The 2016 presidential campaign is nearing, but voters aren’t all that into it yet. Fifty-eight percent of registered voters say they’ve given at least some thought to who they’ll vote for in 2016, according to a Pew Research poll released Thursday. That’s 10 percent less than at a similar point before the 2008 contest, the last time both parties had contested nominations.  

On the Democratic side, presumptive candidate Hillary Clinton holds a commanding lead. Fifty-nine percent of Democrats and Democratic-leaning voters say there’s a “good chance” they’d support her. Her closest competitors, Joe Biden and Elizabeth Warren, stand at 22 percent and 21 percent, respectively.  

The Republican field lacks a comparable front-runner. Twenty-three percent of voters say they could support Jeb Bush, Marco Rubio and Scott Walker; 22 percent say the same of Mike Huckabee and Ted Cruz; 21 percent say so of Rand Paul and Ben Carson.

Some pundits and politicians from each party have expressed opposition to a potential Clinton-Bush showdown because of each family’s deep political roots and prior experience in the White House. But that possibility does not appear to irk many voters in either party’s camp, the poll found. Three-quarters of GOP voters are not bothered by the Bush family’s role in the party and 88 percent of Democratic voters say they feel similarly about the Clintons.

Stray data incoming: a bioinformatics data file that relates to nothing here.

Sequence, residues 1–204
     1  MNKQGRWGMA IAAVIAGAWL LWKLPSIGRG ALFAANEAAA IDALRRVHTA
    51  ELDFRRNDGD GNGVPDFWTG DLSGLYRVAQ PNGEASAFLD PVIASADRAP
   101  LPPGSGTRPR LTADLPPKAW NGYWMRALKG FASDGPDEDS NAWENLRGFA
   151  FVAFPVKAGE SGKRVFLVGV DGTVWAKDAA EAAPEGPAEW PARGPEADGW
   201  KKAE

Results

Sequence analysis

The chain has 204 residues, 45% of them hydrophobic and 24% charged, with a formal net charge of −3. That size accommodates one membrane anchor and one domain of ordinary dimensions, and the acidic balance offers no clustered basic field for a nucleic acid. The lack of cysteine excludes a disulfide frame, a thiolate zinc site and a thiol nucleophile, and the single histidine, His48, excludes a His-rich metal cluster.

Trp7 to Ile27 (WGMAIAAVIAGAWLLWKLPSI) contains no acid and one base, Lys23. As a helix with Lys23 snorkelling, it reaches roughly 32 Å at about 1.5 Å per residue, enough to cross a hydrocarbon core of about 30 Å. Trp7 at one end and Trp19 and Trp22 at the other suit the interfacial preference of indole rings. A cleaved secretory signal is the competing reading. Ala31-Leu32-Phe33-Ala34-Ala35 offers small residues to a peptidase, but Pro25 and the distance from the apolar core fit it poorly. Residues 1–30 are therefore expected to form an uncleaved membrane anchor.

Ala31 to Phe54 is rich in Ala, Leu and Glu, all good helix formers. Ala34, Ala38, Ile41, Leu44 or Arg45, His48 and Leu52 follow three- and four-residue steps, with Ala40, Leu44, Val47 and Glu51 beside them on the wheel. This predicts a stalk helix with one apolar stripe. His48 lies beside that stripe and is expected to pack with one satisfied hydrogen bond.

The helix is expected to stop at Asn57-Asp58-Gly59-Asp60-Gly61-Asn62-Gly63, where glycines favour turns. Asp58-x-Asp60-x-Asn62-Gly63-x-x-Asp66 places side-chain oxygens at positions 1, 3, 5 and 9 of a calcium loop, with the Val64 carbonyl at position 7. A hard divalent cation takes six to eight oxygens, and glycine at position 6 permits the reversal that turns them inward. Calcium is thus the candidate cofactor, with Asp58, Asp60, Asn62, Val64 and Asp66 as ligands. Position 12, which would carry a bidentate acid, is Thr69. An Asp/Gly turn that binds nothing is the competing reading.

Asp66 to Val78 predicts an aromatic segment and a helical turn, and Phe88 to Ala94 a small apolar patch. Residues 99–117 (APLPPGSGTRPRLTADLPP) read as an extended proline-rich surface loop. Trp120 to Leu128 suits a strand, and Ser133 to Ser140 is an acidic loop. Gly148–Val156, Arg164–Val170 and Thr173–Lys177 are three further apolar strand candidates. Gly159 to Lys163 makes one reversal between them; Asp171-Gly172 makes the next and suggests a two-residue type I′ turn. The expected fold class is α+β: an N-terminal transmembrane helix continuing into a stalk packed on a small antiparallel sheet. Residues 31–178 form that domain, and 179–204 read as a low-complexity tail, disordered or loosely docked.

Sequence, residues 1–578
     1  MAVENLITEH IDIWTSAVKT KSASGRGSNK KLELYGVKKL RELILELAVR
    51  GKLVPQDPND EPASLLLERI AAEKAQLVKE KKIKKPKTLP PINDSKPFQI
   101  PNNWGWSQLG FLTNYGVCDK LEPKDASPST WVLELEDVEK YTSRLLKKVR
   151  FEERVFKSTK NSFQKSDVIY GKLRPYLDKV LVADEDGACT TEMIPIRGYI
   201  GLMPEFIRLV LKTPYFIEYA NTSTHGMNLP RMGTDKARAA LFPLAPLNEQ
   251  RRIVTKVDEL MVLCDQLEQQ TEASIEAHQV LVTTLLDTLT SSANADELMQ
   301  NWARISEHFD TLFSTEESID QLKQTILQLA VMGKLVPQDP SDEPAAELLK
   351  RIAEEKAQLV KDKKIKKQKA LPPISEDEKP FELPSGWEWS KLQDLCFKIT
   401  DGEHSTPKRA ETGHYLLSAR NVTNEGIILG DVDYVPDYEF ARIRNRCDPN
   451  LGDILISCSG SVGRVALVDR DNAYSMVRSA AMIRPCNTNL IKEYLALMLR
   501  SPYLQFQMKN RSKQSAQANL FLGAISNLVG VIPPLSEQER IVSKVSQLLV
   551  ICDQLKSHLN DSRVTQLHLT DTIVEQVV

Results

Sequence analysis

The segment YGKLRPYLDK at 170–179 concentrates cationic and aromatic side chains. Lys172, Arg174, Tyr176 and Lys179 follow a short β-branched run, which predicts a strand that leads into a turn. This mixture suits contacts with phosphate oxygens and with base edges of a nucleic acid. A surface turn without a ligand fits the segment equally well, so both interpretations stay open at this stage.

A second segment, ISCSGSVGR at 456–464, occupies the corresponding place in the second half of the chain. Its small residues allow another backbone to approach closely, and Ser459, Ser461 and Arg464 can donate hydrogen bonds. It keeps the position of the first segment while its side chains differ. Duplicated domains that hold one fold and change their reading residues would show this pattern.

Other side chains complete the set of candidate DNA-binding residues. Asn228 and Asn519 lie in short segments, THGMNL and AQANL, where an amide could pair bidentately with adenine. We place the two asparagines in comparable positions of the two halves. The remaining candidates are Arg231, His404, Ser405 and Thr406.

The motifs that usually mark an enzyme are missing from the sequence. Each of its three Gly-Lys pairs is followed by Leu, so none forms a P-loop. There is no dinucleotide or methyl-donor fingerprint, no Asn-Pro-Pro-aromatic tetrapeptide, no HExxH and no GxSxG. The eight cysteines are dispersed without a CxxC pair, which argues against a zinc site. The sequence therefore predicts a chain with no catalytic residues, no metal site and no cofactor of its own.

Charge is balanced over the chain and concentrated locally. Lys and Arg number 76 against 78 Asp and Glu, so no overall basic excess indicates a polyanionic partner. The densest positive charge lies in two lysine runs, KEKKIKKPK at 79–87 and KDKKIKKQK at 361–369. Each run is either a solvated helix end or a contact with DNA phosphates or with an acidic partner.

Voters’ relative lack of interest this cycle may be explained, at least in part, by the low number of candidates who have formally declared presidential bids. Only one expected candidate, Texas Sen. Ted Cruz, has officially announced his 2016 campaign. By contrast, in March 2007, all of the top contenders from both parties had announced their candidacies.

Hillary Clinton is soon expected to formally unveil her bid for the White House. The not-yet-official campaign has already chosen Brooklyn Heights to host its headquarters, Politico reported Friday.